We’ve all seen “that guy” cruising through the departments of big box stores. The one with those cheeks and rolls pouring over the seats of mobility scooters winding his way through the aisles.
For the truly obese, mobility scooters and power chairs are often the vehicles of choice.
At first I thought retailers were just catering to seniors by lining up several mobility scooters at the entrances of their establishments. But once inside I frequently find they have been taken over not by the elderly, but the obese.
There is a serious problem in this country we are not addressing.
Obesity is costly. According to the American Obesity treatment Association obesity-related health care costs totaled an estimated $117 billion in 2000. I imagine that price is even higher now.
Between 1987 and 2001, diseases associated with obesity accounted for 27% of the increases in medical costs.
Medical expenditures for obese workers, depending on gender and severity of obesity, are between 29% and 117% greater than expenditures for workers with normal weight.
From 1979–1981 to 1997–1999, annual hospital costs related to obesity among children and adolescents increased, rising from $35 million to $127 million.
I know, in this day of trillions in federal spending, $200 billion hardly makes a dent. But as is often stated: a billion here and a billion there…pretty sooner or later, you’re talking real money.
Mechanical mobility isn’t always the best solution for the overweight. There are limits scooters can safely carry, but there don’t seem to be limits to the weight people can pile on.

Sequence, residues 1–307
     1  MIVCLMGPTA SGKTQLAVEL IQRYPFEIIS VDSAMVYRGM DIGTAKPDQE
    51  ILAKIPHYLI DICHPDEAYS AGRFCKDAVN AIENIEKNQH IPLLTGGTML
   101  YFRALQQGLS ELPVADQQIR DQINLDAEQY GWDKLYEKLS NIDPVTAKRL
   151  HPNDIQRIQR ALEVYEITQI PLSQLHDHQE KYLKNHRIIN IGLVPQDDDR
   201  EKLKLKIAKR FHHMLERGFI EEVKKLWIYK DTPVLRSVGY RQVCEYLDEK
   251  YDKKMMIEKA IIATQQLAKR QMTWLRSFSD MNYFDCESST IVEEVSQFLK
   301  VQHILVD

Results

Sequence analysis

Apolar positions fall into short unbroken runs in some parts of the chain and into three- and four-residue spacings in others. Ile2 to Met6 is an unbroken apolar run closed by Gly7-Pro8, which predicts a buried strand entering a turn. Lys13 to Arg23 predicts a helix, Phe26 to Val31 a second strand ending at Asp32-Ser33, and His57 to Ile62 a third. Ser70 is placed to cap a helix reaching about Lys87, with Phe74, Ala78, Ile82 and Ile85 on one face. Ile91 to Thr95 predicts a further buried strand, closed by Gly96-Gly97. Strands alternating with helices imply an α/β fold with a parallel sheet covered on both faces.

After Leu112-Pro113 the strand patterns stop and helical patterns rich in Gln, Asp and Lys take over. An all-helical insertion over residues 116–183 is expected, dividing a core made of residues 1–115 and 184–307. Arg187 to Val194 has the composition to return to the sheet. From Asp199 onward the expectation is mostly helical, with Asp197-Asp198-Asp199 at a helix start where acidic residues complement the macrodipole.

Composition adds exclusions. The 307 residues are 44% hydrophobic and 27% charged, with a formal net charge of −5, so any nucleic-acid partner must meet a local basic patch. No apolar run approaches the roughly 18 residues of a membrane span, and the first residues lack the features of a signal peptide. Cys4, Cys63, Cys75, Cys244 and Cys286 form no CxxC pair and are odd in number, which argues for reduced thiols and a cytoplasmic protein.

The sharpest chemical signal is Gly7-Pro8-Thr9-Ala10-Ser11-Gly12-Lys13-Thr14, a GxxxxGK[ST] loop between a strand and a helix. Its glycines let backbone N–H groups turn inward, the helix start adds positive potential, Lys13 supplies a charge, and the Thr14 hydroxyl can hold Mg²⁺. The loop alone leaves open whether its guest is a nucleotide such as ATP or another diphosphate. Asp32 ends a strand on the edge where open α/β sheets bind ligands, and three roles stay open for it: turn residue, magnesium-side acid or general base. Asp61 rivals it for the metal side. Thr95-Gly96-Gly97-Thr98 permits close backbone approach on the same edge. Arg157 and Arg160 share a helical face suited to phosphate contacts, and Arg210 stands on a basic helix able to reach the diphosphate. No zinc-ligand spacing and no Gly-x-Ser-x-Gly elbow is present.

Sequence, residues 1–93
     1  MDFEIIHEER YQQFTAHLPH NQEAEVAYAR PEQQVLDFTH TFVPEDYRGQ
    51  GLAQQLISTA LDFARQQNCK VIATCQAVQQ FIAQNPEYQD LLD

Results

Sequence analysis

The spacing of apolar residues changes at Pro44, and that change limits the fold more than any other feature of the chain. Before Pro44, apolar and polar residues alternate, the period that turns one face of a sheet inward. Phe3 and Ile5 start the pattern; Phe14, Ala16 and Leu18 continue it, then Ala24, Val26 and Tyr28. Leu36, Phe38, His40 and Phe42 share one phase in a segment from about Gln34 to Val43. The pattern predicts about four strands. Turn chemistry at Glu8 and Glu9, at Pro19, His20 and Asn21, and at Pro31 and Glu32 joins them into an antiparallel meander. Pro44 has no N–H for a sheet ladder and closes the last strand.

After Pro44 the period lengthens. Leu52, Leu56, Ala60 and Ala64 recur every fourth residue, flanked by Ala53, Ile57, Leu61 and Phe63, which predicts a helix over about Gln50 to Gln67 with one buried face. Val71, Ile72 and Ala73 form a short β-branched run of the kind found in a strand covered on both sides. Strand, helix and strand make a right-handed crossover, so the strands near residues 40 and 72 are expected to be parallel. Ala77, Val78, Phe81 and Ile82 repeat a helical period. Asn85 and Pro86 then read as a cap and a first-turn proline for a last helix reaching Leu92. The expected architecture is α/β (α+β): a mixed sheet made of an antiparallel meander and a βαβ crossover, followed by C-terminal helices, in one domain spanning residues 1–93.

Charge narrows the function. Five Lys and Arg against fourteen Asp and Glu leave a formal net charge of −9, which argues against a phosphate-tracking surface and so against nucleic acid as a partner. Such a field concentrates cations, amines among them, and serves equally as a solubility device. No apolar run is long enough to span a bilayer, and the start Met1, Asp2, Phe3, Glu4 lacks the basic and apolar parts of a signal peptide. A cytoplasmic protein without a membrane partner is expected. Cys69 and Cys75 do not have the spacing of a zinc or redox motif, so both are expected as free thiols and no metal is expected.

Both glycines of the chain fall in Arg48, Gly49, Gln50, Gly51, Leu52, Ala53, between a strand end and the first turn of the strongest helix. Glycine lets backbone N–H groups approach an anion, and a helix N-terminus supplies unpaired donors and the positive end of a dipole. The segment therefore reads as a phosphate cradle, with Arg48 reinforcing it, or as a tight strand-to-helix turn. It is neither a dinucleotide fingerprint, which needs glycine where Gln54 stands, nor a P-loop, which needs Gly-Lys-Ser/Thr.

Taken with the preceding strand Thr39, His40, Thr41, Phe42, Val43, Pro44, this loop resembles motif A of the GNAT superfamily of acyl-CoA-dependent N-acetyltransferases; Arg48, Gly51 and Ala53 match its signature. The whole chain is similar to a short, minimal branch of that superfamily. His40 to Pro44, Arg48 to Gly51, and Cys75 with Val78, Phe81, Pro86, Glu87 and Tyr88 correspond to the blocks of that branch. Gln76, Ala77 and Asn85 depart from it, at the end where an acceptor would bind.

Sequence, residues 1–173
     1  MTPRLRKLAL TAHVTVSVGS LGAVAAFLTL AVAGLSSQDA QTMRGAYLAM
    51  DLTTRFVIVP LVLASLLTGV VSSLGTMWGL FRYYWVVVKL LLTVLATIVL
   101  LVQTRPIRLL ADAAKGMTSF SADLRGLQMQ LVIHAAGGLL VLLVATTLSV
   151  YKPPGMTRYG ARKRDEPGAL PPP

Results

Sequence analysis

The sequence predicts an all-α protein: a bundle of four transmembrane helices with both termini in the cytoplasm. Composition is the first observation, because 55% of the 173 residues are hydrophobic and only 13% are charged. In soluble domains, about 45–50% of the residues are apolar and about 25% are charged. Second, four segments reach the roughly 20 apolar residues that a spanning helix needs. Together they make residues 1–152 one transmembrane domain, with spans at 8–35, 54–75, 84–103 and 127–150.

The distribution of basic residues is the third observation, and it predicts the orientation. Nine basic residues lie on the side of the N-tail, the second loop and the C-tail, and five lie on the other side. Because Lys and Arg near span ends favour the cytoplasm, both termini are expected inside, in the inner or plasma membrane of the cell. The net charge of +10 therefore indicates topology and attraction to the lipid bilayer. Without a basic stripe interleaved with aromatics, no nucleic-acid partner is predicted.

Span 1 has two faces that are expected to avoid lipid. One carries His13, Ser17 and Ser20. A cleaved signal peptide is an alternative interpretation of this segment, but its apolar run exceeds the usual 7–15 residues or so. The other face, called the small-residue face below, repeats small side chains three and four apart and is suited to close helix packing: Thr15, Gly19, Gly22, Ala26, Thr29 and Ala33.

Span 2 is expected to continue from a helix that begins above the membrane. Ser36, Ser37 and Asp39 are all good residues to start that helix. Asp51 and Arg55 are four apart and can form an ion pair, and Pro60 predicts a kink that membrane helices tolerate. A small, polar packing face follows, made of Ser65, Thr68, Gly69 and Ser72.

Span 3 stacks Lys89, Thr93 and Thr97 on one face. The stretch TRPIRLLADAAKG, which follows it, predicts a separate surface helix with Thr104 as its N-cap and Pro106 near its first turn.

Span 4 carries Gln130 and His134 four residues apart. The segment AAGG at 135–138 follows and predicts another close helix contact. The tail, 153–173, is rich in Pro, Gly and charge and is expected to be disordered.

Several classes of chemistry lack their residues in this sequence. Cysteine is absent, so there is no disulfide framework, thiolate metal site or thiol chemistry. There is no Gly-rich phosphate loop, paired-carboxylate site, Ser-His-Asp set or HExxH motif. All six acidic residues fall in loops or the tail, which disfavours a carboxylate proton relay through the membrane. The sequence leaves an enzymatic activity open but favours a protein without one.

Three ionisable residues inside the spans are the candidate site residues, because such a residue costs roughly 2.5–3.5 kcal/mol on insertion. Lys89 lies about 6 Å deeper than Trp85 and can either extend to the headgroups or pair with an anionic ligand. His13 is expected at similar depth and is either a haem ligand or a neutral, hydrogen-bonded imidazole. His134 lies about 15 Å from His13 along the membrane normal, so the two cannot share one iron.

All manufacturers have weight capacity limits that can safely be supported on their mobility scooters clearly states in the instructions, usually 250 to 300 pounds.
Exceeding these limits can cause mechanical parts to fail or the scooter may break down. Some may not even move. There are heavy duty scooters are available for riders over 300 pounds.
I think the mobility scooter can sometimes be an enabler to the overweight who find walking an inconvenience. Walking can be a real pain for the overweight and most often requires a real incentive. It must stop somewhere. Americans and citizens worldwide must realize excessive weight is unhealthy.
Combatting the Scale
Many of us need to change our eating habits; a few less trips to the drive-through comes to mind. Here are some other actions to change:
- Eating too fast
- Always cleaning your plate
- Eating when not hungry
- Eating while standing up (may lead to eating mindlessly or too quickly)
- Always eating dessert
- Skipping meals (especially breakfast)
It is time to either take some serious steps to lose weight, like an exercise regime, or park the mobility scooter and get moving on your own accord If you’re able.